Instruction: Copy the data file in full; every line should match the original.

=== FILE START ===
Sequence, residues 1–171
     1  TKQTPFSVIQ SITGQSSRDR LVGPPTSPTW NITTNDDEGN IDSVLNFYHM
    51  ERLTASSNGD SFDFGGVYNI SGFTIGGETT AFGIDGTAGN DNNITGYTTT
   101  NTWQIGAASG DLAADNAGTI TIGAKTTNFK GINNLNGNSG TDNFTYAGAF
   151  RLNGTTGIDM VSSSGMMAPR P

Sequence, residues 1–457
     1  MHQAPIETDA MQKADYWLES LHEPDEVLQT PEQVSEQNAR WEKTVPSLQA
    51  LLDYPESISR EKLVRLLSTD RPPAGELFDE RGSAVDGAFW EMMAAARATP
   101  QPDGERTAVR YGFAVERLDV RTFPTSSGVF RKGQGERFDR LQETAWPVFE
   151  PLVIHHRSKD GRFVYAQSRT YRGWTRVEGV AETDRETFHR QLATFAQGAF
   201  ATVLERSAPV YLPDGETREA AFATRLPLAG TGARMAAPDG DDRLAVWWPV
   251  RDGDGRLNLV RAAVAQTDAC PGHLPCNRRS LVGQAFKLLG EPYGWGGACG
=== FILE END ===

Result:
Sequence, residues 1–171
     1  TKQTPFSVIQ SITGQSSRDR LVGPPTSPTW NITTNDDEGN IDSVLNFYHM
    51  ERLTASSNGD SFDFGGVYNI SGFTIGGETT AFGIDGTAGN DNNITGYTTT
   101  NTWQIGAASG DLAADNAGTI TIGAKTTNFK GINNLNGNSG TDNFTYAGAF
   151  RLNGTTGIDM VSSSGMMAPR P

Sequence, residues 1–457
     1  MHQAPIETDA MQKADYWLES LHEPDEVLQT PEQVSEQNAR WEKTVPSLQA
    51  LLDYPESISR EKLVRLLSTD RPPAGELFDE RGSAVDGAFW EMMAAARATP
   101  QPDGERTAVR YGFAVERLDV RTFPTSSGVF RKGQGERFDR LQETAWPVFE
   151  PLVIHHRSKD GRFVYAQSRT YRGWTRVEGV AETDRETFHR QLATFAQGAF
   201  ATVLERSAPV YLPDGETREA AFATRLPLAG TGARMAAPDG DDRLAVWWPV
   251  RDGDGRLNLV RAAVAQTDAC PGHLPCNRRS LVGQAFKLLG EPYGWGGACG